In the Agile Manifesto you’ll find
Individuals and interactions over processes and tools
and if your teams are only talking to each other over email or Jira comments to “preserve a record” then you’re losing the team’s cohesion. They’re not a team if they only use Jira to communicate with each other, successful teams are not built this way. Ban it. Paste notes into the Jira story but don’t use it as a means of communicating.
One of my major complaints about creating “user stories” is that the discipline of writing “User Stories” has diminished and they become written so that only the person creating the story actually knows what is expected. In many organizations, anyone can write a user story. I have no problem with that as long as the person entering it has been coached and the discipline of writing them is maintained.
As a …
I want …
So I can …
With this alone you can at least get to some sort of relative estimation. Instill this discipline in the organization and you’ll see, if you’re capturing metrics, a reduction in time to get the story prioritized. But the real win, and I’m not sure how to quantify this, is that the teams will experience less confusion by having a fairly good idea of what is expected and they’ll certainly be able to relatively estimate it in less time.
Optionally, and this takes even more coaching and organizational discipline, write the beginning of the acceptance criteria as well.
It’s a starting point at least and that’s what user stories are supposed to be, a starting point, a place to begin the discussion of what is needed, by whom, and by when. User Stories are meant to facilitate a discussion between the team, they were never meant to be handed off to the team as complete requirements.
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Trust. I believe this is the single most important word when understanding why people work the way they do. I trust that you will do everything possible to make that customer’s experience with us outstanding. Without trust then people will not put themselves out there for clients. They know they will get blamed, second-guessed, and marginalized in the future. How do you build trust? As a manager or a leader, you take the blame when things go wrong and you give credit when it goes right. If it’s a one-off then you move on. If it’s a constant problem then you re-train. If you look deeper you may see that it’s a system’s issue, or a business process issue. Fix those problems.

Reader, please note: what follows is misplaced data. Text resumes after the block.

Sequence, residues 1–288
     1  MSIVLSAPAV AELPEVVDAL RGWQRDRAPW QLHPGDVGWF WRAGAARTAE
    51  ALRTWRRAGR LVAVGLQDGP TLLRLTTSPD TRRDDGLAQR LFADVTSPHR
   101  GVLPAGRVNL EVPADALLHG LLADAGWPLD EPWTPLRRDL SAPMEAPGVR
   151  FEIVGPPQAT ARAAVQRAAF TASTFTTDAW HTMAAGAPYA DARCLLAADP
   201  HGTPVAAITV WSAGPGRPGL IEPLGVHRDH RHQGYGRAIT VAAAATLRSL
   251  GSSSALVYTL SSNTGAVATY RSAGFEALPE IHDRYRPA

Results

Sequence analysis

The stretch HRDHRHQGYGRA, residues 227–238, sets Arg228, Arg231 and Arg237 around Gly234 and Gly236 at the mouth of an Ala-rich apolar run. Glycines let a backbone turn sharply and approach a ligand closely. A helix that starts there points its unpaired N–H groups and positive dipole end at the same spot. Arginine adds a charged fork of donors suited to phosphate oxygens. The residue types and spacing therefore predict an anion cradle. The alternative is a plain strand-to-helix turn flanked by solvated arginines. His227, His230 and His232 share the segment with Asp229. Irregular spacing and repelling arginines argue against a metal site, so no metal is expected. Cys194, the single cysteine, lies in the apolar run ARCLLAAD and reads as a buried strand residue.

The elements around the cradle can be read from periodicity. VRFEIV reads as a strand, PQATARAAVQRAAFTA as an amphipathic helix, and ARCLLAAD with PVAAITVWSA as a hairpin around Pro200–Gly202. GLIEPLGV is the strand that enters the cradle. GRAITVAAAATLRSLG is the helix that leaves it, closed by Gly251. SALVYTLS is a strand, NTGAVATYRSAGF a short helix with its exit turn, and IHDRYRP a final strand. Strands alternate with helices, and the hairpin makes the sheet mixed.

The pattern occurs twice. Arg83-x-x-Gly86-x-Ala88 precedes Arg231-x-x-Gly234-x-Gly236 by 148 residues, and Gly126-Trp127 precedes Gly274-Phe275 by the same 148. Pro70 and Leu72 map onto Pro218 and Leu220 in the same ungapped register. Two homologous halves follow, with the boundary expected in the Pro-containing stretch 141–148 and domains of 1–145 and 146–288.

I once sat in a management meeting where the topic was ‘disengaged employees’. Survey results had come back and only 60% were completed. The VP and the directors were blaming employees for being disengaged. This was a hierarchical, low-trust environment. Take a guess at who was actually disengaged. It wasn’t the employees.
It took me a long time to write this. I’ve been in companies where the main focus of the senior management team was their own bonuses. It was literally said in front of me (they forgot I was in the meeting) “Layoffs are coming but don’t worry, your bonuses are safe.” For me, leadership consists of two main themes: good stewardship of the company (it’s not a shell when you leave), and building trust and empathy with the people you’re entrusted to lead. The organization doesn’t exist to serve those that lead it.
Think of the value proposition(s) as a thread that starts with the client and runs through every part of your company. Include any first, second, or third degree touchpoint with a client. In other words, any team that affects another team, that affects a team that works with the client. At any point that thread can be cut, tied in a knot, or made stronger. The actions of these teams affects the relationship with the customer in the same way. They can destroy it, give the customer a perception that it takes forever to get things done, or make it easy for the customer to love you.